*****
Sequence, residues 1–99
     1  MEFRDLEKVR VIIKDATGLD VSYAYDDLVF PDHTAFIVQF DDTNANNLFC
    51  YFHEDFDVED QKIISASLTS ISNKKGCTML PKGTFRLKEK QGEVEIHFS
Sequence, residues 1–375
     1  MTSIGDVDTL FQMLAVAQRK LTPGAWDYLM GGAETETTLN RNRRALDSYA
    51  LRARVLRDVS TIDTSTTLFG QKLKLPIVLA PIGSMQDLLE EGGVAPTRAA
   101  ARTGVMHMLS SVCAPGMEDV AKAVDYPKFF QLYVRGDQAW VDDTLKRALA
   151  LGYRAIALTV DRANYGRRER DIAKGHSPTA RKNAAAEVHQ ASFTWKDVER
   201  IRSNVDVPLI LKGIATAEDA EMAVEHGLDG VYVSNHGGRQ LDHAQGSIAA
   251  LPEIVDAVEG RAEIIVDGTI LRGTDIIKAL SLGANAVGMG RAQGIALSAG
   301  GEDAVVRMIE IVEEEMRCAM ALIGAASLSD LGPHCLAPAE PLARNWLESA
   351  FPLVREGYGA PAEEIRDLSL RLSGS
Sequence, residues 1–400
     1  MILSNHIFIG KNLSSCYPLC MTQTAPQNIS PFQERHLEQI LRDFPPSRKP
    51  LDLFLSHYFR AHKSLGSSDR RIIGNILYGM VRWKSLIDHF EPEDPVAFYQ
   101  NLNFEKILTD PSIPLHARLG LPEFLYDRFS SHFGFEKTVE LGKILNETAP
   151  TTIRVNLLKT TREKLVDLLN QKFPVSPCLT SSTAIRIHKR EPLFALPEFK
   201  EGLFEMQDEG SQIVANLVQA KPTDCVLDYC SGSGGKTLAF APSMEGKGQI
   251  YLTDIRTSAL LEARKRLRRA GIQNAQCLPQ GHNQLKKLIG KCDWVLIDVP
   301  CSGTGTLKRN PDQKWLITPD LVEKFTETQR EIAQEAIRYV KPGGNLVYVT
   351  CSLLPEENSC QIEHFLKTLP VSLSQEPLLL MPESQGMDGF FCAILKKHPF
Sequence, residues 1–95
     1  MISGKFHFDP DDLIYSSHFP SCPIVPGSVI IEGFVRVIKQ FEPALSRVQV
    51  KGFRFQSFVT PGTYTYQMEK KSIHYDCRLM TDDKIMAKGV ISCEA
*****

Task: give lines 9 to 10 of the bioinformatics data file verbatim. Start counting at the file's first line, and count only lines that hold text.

   201  IRSNVDVPLI LKGIATAEDA EMAVEHGLDG VYVSNHGGRQ LDHAQGSIAA
   251  LPEIVDAVEG RAEIIVDGTI LRGTDIIKAL SLGANAVGMG RAQGIALSAG